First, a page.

It was at this period that dissent grew very strong in the parish, and the lot of a rector then was not a very happy one. Perhaps it was this which induced Mr. Fisk to get away from the place so soon.

His successor Mr. R. W. Kyle soon found himself in a conflict with his parishioners over a Church rate, and then in a further dispute over the ringing of the church bells. As an appeal to Lichfield did not uphold him in the position he had taken up, he discreetly retreated from the parish.

Dr. Hugill who came next, did not find the storm to have subsided even with a change of person; and when he died after an equal struggle of two or three years, the victorious dissenters were said to have boasted that they had "driven away one parson and killed another".

Perhaps it may have been that they did not know how to manage "the chapel people;" for the next rector (the Rev. G. W. White) seems to have got along with very little friction.

[End Quote]


Joseph Hugill started life as a minister in the Wesleyan church, and as such would seem to have been ideally suited for the parish.

It must be remembered that these events were related to Hackwood sometime after they took place, and they may not be entirely accurate.

As always with these sources we have to make of it what we can.


Joseph Hugill's Will was signed on Monday the 22nd August 1842, and was proved at London on the 22nd November 1842 before a judge for Mary Hugill widow the Relict, the Reverend Isaac Clarkson Clerk and also John Tweedy, the executors to whom administration was granted.

The witnesses for the Will were, Francis J. Bradshaw, Curate of Darlaston, and A. Rooker, Surgeon.

To read the Will Click here.






Photo of Mary Hugill's gravestone

Mary Hugill's gravestone.

Copyright 2010 - Nigel James Wright.

Mary Hugill now only lives on for only another fifteen weeks and dies aged thirty nine, on Friday the 10th Febuary 1843, at Great Gonerby, Yorkshire.

Her gravestone reads - case preserved:-

/SACRED/
/To the memory of/
/MARY Relict OF THE/
/Rev. J Hugill/
/D.D. LATE Rector of/
/DARLASTON STAFFORDSHIE/
/DEPARTED THIS LIFE SUDDENLY/
/AT THE HOUSE OF HER FRIENDS/
/AT GONERBY FEB. 10th 1843/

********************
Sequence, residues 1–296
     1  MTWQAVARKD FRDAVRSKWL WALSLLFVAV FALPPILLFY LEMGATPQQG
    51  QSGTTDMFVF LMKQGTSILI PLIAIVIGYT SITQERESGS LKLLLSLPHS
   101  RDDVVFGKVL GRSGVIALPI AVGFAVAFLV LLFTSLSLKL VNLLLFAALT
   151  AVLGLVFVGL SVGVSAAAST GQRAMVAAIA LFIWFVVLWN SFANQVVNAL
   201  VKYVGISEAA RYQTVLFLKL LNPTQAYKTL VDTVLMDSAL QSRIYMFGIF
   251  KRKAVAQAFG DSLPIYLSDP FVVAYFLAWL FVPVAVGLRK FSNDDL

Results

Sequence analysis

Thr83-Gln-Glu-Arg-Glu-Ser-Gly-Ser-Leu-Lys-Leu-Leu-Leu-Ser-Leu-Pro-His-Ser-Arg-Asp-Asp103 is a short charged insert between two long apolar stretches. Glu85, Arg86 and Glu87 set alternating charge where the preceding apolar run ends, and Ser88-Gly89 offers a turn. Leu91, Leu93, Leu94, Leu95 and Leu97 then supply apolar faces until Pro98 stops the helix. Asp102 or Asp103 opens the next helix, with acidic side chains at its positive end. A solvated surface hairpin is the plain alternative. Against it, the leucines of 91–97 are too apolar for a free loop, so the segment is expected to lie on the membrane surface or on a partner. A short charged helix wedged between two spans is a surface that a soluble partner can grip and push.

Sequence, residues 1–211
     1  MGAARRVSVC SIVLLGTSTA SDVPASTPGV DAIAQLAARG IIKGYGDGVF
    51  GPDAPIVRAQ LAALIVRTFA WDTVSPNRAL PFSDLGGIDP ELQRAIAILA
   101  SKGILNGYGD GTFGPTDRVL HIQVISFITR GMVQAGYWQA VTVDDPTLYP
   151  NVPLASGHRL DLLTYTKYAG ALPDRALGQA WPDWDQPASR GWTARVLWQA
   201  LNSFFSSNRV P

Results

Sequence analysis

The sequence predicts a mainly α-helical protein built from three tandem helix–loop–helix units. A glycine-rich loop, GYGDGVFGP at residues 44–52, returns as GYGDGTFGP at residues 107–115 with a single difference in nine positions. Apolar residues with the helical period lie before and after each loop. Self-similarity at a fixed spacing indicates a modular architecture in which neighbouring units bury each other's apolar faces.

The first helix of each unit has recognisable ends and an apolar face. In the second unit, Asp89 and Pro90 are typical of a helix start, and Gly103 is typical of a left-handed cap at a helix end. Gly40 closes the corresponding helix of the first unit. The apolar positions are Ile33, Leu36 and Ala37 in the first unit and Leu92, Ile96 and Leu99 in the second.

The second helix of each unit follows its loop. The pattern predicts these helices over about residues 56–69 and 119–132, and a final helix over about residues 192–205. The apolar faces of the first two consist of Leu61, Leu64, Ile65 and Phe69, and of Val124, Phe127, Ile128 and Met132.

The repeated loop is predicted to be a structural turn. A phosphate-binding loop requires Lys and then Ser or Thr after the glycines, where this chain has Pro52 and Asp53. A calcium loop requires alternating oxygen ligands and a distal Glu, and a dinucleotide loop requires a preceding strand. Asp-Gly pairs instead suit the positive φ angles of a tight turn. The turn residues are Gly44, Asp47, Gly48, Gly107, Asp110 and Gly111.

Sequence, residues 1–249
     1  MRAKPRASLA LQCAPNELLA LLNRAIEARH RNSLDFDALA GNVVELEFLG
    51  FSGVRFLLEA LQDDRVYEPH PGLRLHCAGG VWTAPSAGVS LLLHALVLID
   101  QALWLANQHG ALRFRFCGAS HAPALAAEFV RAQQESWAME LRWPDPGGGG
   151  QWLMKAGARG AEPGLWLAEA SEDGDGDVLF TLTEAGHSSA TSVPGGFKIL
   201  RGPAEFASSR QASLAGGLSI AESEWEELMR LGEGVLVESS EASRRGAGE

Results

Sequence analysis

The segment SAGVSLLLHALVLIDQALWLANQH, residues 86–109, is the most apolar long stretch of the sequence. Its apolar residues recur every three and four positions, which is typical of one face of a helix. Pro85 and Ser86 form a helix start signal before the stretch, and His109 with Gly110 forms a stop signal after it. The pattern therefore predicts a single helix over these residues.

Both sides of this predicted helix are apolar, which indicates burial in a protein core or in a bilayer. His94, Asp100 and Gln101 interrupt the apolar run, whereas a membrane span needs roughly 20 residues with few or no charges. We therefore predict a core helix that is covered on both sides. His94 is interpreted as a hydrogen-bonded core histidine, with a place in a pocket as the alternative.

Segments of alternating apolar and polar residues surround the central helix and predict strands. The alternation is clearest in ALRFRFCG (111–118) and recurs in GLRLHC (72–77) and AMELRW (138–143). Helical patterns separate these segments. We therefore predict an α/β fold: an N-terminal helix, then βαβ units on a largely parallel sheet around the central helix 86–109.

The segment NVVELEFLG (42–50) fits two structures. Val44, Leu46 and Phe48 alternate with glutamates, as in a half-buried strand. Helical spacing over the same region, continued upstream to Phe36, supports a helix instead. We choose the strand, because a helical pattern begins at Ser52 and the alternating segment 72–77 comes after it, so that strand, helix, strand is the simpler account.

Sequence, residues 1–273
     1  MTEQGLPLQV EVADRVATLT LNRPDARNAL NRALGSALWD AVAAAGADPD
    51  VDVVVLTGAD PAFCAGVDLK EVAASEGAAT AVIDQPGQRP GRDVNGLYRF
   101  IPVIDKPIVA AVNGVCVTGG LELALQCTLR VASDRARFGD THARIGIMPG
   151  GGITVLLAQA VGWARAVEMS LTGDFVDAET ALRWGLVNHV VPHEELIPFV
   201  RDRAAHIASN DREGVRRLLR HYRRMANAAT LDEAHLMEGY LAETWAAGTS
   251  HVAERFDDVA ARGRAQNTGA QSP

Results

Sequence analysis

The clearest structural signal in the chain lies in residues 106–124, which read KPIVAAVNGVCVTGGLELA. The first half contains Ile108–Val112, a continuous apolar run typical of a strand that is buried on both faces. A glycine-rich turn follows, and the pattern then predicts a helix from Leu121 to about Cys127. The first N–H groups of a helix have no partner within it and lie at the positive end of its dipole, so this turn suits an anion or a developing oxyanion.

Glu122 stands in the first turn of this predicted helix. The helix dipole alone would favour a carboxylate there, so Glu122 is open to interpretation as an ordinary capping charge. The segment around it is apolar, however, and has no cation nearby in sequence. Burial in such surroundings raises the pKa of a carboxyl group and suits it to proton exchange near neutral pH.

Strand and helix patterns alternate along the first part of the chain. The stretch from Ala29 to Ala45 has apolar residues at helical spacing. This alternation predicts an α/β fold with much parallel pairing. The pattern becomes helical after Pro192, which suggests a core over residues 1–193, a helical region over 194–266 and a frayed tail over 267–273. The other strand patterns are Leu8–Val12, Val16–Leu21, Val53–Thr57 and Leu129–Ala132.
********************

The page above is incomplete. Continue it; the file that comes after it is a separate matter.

/IN THE 39th YEAR OF HER AGE/
/LEAVING A FAMILY OF SEVEN/
/ORPHAN CHILDREN TO LAMENT/
/THEIR IRREPARABLE LOSS/
/"Swiftly the path of death she trod"/
/Into eternity"/
/Blessed are those servants whom the/
/Lord when he cometh shall find watching/
/Lu.XII. 37v/

The mention of seven children confirms the existence of their son John Thomas Hugill, and the reference to her friend’s house, we assume must be house of the Tweedys, at Gonerby.

In that year the children living here at Gonerby were - Elizabeth Tweedy Hugill aged 14,
Anna Maria Hugill, aged 12, Frances Sarah Hugill, aged 8, and lastly John Thomas Hugill, aged 6.

Mary's death was registered by Elizabeth Goodson? present at the death, on Monday the 13th February 1843, stated as the Widow of the Reverend Joseph Hugill D.D.

The cause of death was stated as "Spasms".

Her age was stated as 39 years, and this was repeated on her Gravestone, and also in newspaper reports, but on the memorial to Joseph and Mary in St Lawrence her age was stated as 38 years!

Great Gonerby (pronounced Gunerby) is two miles north of Grantham, and Gonerby born and bred people are nicknamed "Clockpelters".

Supposedly the youths of the village used to throw stones at the church clock as some right of passage ceremony.

John Wesley, the founder of Methodism, regularly preached in a Chapel in Gonerby which is now the Post Office; the village became a Methodist stronghold resulting in a Gonerby group introducing Methodism to Grantham and Lincoln.

To view the church in GoogleEarth, open GoogleEarth and click the following link:-

GoogleEarth - Saint Sebastian, Gonerby, Lincolnshire.



We now see Mary Hugill mentioned in newspapers regarding her death. [BNA]

Norfolk Chronicle 25th Febuary 1843

At Great Gornerby, aged 39, Mrs. Hugill, widow of the late Rev. Joseph Hugill, D.D. of St. John's College, Cambridgshire, and Rector of Darlaston. She survived her husband only 15 weeks, and has left seven orphan children.

We now see Joseph Hugill mentioned again in newspapers, when his books are being sold. [BNA]

Lincolnshire Chronicle 20th October 1843

The Clergy and Gentry are most respectively acquainted by Messrs. WOOD, that they are directed by the Trustees of the late Rev. Joseph Hugill D.D., to sell by Auction, on Thursday the 2nd of November, 1843, at their Repository, Wood Hill, Grantham, his valuable Collection of books, particulars of which are given by bills to be had on application at the office of the Auctioneer. The sale to commence at Twelve o'clock,Grantham, 17th October, 1843.